Monday, March 25, 2013
LinkedIn’s New Search Aims For More Engagement With Autocomplete, Unified Results And Improved Alerts
Professional social network LinkedIn today is announcing an upgrade to its search features — one of the first big overhauls that the search function has had in years, with new features including improved autocomplete and suggested phrasing by way of a new algorithm; unified searches across different product categories; and an improved ability to save searches. Facebook-style “third pillar” Graph Search it may not be — don’t mistake this for a window out to the wider Internet (for now at least) but with this upgrade, LinkedIn is telling us that its search window is part of the company’s larger strategy to improve engagement and time spent using its site, crucial for its wider business model based both on advertising and premium services.
Brad Mauney, product lead for LinkedIn overseing identity products and search, describes the new search as more than just an upgrade to what was there before: it’s the next step in how LinkedIn hopes to get more functionality and usability into its platform as it continues its transformation away from being a simple database and point-to-point communication platform, and into more of a social network.
“We’ve moved to a next-generation search platform that will allow us to do more interesting iterations as we bring more content into the site, and gett into the path of more personalized experiences, utilizing everyting that LinkedIn has to offer,” he said. This brings to mind where a company like Pulse could fit into the mix, along with potentially other acquisitions in the social media space.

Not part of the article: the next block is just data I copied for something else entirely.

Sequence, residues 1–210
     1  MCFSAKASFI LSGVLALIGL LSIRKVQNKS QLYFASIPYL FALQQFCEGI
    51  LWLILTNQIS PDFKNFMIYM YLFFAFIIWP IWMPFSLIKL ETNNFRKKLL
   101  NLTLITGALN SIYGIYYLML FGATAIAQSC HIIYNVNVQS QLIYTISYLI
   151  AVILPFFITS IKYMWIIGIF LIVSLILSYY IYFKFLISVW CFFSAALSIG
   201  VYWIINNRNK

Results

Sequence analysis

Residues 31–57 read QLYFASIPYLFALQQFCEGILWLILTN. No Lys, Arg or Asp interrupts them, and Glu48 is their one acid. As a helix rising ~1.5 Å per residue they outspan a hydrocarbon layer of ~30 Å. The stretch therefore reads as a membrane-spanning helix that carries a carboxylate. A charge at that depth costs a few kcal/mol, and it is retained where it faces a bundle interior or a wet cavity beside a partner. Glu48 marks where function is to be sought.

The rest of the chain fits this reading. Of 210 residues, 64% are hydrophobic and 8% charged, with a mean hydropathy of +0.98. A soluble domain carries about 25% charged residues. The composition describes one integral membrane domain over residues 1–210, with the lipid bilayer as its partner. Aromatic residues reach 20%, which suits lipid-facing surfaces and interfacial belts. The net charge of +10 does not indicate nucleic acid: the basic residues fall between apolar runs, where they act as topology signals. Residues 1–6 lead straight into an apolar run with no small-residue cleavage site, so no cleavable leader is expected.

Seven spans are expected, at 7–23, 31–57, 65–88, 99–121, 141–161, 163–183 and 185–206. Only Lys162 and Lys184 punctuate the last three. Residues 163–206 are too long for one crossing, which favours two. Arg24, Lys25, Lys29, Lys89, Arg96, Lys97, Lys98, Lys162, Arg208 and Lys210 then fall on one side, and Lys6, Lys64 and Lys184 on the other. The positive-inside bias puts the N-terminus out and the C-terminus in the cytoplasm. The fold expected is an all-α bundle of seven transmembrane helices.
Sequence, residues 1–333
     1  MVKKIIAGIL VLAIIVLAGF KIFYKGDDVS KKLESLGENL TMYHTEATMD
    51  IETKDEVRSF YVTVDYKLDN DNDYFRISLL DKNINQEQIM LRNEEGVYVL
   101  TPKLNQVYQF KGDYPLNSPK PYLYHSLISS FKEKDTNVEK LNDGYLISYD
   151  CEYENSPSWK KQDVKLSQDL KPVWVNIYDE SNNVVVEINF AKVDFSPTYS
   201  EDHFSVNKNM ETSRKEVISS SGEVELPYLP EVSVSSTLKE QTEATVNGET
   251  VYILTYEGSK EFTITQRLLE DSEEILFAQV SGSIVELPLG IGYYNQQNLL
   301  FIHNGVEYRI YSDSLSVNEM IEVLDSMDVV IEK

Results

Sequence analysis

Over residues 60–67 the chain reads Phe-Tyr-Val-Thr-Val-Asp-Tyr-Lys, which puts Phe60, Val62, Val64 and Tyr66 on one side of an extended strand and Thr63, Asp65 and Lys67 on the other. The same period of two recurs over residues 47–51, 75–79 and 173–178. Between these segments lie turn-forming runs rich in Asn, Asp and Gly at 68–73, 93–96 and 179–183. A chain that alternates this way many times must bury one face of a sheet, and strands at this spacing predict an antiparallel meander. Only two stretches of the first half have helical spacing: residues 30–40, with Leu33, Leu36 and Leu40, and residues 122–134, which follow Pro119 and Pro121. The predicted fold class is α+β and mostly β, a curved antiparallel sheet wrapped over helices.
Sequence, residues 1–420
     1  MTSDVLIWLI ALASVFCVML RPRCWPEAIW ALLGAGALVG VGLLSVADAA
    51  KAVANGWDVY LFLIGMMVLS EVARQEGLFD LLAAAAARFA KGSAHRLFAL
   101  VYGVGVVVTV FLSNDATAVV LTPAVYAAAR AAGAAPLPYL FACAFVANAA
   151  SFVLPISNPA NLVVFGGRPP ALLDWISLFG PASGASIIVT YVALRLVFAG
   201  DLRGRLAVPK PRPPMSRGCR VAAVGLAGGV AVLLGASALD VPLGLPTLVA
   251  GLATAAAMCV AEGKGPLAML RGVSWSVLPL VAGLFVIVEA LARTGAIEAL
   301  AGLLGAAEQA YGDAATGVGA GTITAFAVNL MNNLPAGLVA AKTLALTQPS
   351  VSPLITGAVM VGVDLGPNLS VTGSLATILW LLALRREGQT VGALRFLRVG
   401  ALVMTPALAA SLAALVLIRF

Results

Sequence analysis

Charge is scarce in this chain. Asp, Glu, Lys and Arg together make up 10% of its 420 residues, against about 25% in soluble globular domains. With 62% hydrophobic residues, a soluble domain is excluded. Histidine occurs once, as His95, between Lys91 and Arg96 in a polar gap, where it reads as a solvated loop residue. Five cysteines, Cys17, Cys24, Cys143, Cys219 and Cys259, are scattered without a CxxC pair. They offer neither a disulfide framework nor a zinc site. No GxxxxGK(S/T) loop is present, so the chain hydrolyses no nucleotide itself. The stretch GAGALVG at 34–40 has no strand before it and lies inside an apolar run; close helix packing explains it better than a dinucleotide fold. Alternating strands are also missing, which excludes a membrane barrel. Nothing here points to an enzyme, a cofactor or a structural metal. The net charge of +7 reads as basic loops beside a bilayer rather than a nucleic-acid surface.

LinkedIn says that the new search is being turned on globally from today, with no waiting lists, but with a staged rollout. But it will not work on mobile platforms initially, according to Mauney. There, your searches will remain limited to people.
The search feature is already a popular way for people to use the site: LinkedIn says that last year there were some 5.7 million searches done on LinkedIn. The idea now is to make that a less bouncy and more sticky experience that encourages users to explore other parts of the site that they may not normally use.
That’s starting with a fairly simple tweak. In the past users selected categories to search in a drop-down menu, with categories including people, status updates from your contacts, jobs, companies, your inbox and your groups. Now, by default, your searches will be across the whole of LinkedIn.
This, of course, will mean that you will see more content, and be more encouraged to click through to look at more results.
Those searches, meanwhile, are also going to be powered by stronger algorithms developed by LinkedIn to better guess what it is that you would like to find. The autosuggest feature, Mauney says, will learn from your past browsing and searching activity on the site to create an increasingly customized set of autocompleting terms.
As with before, LinkedIn is putting more emphasis on results that fall within your own network — with that so-called “professional graph” extending not just into people contacts but also potential job searches, giving you results for open positions where you may have connections who can help open a door.
While these searches are being aimed at LinkedIn’s 202 million users, there are also tweaks that it is making both to cater to power users, and to encourage those using the free service to perhaps consider a premium subscription. Saved searches are now significantly easier to organise and use, and more parameters to specify what it is that you would like to find. Making the saved searches easier to use will potentially encourage people to use them more, and there is where LinkedIn may subtly be trying to attract more premium users: free saved searches are limited to only three unless you are a paying LinkedIn member.